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The future of Alpine tourism

The future of Alpine tourism

These regions set sustainable standards

Increasing tourist numbers are creating jobs and economic growth in many tourism regions. Countless places in the mountains and their valleys would not even be populated, let alone viable, without hiking or winter tourism. It is obvious that these developments do not just have advantages. Sustainable tourism strategies are therefore more important than ever and many places in the Alps, which are visited year after year by travelers from all over the world, are already taking the first measures here - the keyword is gentle tourism. Often referred to as sustainable, responsible tourism, it strives to balance economy and ecology. He values ​​the protection of the natural environment and local culture. In short: it's about ensuring that the positive effects for the region do not come at the expense of the environment and cultural resources.

We looked at where innovative approaches are already being pursued to create a sustainable and future-proof tourism industry in the Alps. From the arrival to the on-site activities to the departure, these regions attach particular importance to impacting the natural conditions as little as possible and acting in an environmentally friendly manner.

South Tyrol: the pioneer of the Slow Food movement

With its impressive landscape and fascinating culture, South Tyrol is not only a popular travel destination, but also stands as an outstanding example of sustainable tourism. The region combines conservation, eco-friendly initiatives and the preservation of local traditions to offer travelers an authentic and responsible experience. South Tyrol has its own seal of quality (“South Tyrol Sustainability Label”). It is based on the criteria of Global Sustainable Tourism Council (GSTC) and is awarded to those actors in the tourism sector who make a contribution to the preservation of unique nature and the well-being of the people who live here.

South Tyrolean cheese

Apart from that, the northernmost region of Italy attaches great importance to sustainability in one area in particular: food. The region is a pioneer Slow Food movement and impresses with traditional dishes made from local, high-quality raw materials and careful preparation. The focus here is on historic cheeses, rare breeds of sheep and cattle, traditional bread recipes or lupine coffee from small mountain businesses that preserve traditional knowledge and craftsmanship.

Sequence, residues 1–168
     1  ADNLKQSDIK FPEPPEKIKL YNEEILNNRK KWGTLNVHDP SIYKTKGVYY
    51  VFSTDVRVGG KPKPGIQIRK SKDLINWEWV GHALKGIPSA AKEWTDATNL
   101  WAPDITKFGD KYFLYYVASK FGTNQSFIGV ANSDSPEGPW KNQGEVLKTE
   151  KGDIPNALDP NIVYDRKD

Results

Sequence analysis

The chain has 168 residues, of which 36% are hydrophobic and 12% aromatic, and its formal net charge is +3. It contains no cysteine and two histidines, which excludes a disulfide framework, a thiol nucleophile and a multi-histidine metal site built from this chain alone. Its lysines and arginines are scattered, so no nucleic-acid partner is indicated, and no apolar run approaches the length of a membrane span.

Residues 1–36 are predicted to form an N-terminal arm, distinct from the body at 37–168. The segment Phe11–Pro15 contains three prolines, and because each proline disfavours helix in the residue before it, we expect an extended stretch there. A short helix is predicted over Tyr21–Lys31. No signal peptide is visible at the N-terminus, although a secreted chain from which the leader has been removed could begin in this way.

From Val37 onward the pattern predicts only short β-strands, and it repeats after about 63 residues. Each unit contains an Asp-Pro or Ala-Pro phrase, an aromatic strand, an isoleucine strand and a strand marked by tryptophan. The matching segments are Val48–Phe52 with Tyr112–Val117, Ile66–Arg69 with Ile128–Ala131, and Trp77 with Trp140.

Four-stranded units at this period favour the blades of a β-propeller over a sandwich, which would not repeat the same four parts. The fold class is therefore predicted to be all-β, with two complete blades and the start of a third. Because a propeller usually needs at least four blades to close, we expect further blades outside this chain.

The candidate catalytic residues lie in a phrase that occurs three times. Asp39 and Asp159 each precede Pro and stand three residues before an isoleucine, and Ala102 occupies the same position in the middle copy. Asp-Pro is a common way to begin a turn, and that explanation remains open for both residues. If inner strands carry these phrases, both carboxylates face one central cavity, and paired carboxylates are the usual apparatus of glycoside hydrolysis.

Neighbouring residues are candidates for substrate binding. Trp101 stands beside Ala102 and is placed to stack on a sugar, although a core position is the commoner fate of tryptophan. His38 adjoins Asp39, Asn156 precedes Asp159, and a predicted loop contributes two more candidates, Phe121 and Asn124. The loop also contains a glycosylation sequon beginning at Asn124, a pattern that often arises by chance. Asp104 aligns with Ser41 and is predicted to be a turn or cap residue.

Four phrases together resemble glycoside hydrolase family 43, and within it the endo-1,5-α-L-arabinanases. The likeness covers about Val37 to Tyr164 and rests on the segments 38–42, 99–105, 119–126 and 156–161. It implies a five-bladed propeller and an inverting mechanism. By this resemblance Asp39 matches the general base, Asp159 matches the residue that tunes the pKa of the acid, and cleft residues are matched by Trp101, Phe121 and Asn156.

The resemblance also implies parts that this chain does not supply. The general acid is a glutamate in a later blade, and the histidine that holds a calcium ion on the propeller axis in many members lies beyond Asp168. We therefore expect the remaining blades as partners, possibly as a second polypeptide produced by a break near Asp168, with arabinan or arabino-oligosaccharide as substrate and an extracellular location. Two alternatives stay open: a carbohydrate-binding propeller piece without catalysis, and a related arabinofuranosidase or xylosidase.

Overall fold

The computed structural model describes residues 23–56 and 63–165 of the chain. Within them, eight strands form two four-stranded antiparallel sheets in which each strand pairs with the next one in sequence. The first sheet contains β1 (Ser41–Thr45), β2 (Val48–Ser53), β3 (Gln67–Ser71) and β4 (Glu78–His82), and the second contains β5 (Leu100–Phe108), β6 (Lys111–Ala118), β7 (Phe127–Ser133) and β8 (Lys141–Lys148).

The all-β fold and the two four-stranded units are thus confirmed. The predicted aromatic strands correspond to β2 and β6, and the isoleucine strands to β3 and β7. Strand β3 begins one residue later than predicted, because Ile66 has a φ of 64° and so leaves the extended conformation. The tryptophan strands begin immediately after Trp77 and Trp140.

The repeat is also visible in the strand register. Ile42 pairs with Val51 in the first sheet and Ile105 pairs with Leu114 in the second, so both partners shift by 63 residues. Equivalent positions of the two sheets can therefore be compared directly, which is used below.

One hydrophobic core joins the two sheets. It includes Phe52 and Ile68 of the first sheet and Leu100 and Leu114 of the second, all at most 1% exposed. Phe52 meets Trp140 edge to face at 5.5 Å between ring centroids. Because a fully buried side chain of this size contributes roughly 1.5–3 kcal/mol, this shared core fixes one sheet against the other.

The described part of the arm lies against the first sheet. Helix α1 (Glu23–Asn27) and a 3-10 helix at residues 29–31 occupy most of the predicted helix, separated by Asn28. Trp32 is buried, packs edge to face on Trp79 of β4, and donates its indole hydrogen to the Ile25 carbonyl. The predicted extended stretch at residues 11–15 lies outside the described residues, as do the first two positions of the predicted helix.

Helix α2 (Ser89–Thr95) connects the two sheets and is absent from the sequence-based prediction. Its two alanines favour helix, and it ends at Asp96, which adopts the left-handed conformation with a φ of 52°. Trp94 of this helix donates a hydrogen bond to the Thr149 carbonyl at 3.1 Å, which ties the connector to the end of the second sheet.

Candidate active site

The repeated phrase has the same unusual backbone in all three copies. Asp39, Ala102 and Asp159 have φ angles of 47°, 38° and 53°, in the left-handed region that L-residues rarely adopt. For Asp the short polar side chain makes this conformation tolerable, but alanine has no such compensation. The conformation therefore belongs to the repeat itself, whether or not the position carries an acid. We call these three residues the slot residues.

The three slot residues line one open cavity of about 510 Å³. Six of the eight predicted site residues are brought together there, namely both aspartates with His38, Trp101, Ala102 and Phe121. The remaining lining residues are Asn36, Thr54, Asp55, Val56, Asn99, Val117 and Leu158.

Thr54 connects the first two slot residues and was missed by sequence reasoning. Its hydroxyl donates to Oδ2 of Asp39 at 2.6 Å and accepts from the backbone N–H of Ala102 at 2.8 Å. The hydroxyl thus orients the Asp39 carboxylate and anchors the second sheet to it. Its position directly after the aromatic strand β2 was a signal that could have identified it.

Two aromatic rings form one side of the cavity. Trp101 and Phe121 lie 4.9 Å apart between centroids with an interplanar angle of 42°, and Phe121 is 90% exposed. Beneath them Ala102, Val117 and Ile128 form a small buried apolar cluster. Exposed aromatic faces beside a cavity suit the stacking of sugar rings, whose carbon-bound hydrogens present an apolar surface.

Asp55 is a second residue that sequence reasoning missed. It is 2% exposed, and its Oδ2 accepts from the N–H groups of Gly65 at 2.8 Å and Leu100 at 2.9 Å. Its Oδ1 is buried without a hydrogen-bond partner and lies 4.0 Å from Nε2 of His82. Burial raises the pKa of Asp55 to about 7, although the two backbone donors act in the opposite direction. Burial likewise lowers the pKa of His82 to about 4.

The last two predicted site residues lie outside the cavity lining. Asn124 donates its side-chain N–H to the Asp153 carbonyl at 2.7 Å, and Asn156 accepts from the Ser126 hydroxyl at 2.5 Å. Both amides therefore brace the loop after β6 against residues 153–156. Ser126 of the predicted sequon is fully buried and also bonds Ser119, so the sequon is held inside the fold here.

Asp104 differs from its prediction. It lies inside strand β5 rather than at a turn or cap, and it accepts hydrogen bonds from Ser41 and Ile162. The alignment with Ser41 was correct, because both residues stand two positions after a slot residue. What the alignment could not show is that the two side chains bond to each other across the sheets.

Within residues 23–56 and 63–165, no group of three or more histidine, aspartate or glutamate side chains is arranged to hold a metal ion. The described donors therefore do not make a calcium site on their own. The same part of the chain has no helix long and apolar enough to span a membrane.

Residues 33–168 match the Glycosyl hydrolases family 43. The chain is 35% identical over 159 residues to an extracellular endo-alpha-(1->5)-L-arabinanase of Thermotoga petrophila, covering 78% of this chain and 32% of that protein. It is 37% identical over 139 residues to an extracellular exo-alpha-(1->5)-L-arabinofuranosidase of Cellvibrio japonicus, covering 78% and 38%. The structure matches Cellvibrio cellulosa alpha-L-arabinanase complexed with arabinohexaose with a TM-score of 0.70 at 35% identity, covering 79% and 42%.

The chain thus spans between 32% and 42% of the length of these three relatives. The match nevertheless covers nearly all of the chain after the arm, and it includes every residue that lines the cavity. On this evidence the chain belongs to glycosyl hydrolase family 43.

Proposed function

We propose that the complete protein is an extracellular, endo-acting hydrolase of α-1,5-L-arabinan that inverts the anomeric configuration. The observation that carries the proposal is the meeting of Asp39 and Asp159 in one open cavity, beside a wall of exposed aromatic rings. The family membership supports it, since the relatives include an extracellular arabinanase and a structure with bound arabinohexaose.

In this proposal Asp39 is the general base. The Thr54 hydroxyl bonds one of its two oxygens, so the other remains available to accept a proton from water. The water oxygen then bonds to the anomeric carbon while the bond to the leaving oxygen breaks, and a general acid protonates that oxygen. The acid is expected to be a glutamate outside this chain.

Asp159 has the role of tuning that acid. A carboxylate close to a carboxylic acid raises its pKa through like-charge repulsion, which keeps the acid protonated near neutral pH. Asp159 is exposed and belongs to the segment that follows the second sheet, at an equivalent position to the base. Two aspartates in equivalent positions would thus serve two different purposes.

South Tyrolean cheese

Slovenia: the green destination of the world

No matter which sustainability list you look at, one country is guaranteed to always be in one of the top places: Slovenia. The state, which is characterized by the Julian Alps, the Steiner Alps and the Pohorje Mountains and is crossed by numerous hiking and cycling trails, meets 96 out of 100 criteria for green destinations and is therefore officially considered one of the most sustainable destinations in the world. Slovenia is also the first country to receive the title of “Green Destination in the World”.

Slovenia's Alps

Under the umbrella of the seal of quality “Slovenia Green” Slovenia sets green policies and creates sustainable experiences. The seven categories Destination, Accommodation, Park, Attraction, Travel Agency, Cuisine and Beach distinguish tourism companies that stand out for their particularly sustainable actions and already have more than 280 members. Slovenia is also part of the Zero Waste Initiative, relies on sustainable mobility and public transport, has some of the highest biodiversity in the world and is therefore a prime example of sustainable tourism concepts.

Switzerland: Champions of sustainable mobility

Alps always means Switzerland. Our beautiful neighboring country beckons with all sorts of mountain adventures both in winter and summer and knows exactly how to make them sustainable. With “Swisstainable”, Switzerland is pursuing a sustainability strategy that is based on enjoying nature in its original form, experiencing the local culture authentically, consuming regionally and getting to know the country properly and in detail.